• The Secular Roots of Dance in India

    Rimli Bhattacharya

    October 16, 2017

    Avni Sethi performing at Law Garden, Ahmedabad/ Image courtesy The National Herald India

     

    Culture is defined as a people’s way of life. In the words of Mahatma Gandhi “A nation’s culture resides in the heart and in the soul of its people”.

    India is the one land that all men desire to see and having seen once, would not share that glimpse with the globe at large. There is immense variety in Indian culture but India also shows Unity in Diversity where people of different sects, caste and religion live together.

     Indian classical dance is of equal value speaking in terms of religion and secularism. But first, let’s understand the term “Secular” particularly in the Indian context. Secularism means equal treatment of all religions by the state. With the 42nd Amendment of the Constitution of India enacted in 1976, the prolegomenon to the Constitution declared India a secular nation.

    In India, though the glaring contradiction between the religious and secular does not exist politically or culturally, the dancers and gurus have always tried to amalgamate the secular factor through this cult, so that the two can happily co exist. Indian classical dance is both religious and secular.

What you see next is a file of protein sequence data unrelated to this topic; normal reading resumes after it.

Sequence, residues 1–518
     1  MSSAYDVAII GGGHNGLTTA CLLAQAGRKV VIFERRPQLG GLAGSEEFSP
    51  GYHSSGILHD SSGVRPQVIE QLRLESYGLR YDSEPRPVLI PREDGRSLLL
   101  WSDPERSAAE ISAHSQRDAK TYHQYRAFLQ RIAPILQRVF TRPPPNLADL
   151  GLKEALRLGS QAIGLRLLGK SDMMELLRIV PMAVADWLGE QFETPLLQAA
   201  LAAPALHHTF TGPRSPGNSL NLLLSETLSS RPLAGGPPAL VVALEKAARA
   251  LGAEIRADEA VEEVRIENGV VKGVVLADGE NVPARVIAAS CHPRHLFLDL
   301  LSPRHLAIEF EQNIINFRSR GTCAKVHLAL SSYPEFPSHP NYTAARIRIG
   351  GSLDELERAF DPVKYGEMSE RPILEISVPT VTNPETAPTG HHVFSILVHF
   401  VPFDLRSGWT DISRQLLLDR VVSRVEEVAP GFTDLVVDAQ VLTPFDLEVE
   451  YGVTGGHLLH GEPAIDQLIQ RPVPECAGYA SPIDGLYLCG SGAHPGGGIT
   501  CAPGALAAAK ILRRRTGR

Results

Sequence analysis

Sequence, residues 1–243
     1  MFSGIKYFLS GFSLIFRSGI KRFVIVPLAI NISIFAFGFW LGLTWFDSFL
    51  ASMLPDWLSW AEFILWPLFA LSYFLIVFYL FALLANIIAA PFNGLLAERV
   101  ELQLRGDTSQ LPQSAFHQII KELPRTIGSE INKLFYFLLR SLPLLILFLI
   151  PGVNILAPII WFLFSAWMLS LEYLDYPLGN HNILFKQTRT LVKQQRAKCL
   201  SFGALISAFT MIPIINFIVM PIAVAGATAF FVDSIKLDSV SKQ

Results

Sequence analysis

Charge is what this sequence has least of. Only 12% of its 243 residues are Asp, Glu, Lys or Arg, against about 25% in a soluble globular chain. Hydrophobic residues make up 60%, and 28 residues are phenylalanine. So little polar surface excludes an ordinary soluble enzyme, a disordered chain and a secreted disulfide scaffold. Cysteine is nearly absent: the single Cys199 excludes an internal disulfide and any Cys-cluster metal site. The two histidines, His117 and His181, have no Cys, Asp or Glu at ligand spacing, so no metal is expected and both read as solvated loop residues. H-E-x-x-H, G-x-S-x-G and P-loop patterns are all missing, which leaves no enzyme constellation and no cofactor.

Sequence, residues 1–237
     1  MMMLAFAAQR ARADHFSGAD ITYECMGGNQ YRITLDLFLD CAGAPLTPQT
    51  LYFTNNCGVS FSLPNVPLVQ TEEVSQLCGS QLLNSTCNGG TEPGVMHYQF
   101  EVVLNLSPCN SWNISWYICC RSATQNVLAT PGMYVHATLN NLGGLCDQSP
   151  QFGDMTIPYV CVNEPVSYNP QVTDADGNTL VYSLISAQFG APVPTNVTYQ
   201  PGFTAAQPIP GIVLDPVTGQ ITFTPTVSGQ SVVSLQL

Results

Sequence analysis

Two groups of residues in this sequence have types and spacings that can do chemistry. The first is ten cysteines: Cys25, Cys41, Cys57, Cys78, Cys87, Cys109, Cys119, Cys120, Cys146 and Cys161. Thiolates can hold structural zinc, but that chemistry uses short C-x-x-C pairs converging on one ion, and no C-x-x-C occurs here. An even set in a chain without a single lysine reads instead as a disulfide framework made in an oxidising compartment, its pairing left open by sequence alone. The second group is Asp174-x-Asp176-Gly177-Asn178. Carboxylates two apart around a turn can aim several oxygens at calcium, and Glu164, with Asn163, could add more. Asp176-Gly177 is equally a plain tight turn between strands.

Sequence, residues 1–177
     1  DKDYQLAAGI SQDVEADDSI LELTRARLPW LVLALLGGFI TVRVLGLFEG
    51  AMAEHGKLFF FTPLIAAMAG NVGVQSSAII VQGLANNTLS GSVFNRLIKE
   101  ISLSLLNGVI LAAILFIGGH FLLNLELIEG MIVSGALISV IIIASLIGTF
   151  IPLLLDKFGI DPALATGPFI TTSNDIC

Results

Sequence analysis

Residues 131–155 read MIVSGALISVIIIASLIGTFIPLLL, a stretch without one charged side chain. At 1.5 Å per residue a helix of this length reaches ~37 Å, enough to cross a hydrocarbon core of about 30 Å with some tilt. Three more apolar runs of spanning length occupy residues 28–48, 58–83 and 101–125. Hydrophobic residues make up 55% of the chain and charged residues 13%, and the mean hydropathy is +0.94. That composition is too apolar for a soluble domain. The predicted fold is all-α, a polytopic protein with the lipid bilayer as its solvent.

In the words of Douglas M. Knight Jr. on his biography on the legendary dancer Balasaraswati, he writes, “Dancing spiritual compositions of love had the same quality as dancing more secular compositions that make no reference to the divine. Indian classical dance doesn't require making a choice between the religious and secular. It can be both. Then, this apparent conflict must arise in the minds only of those who either fail to grasp what secularism means or fail to recognize the magnitude of what Indian classical dance is capable of”

    There is a very beguiling aspect pointed by V. Soumyasri, an exponent of Bharata Natyam and Kuchipudi. As all dancers begin with the Namaskar, and she too started her class with the stretching of the body, breathing and yoga exercises and the traditional Namaskar when she suddenly noticed a woman standing at a corner doing nothing but watching. Later, when she was about to leave, an elderly lady came forward and introduced that woman as Shabnam who wanted to be a part of the cult but could not without the permission of her husband. She was equally worried if her husband would agree as the dance was only meant for Hindus. Soumaysri was left bewildered when the elderly lady questioned: Was this dance only for Hindu? Is it a Puja? Will it offend Shabnam’s husband? She thought how many more Shabnam’s are out here in India. She was left with no answer. In this era of proliferation why are we so Orthodox, it shouldn’t be confined to Hindus only – anyone can dance, a Muslim, a Parsi, a Christian, a Sikh, that’s where classical dancers focus, though it remains a mystery why Indians are still struggling to respect the cult whereas a Japanese artist Masaka Ono performed Odissi in Delhi.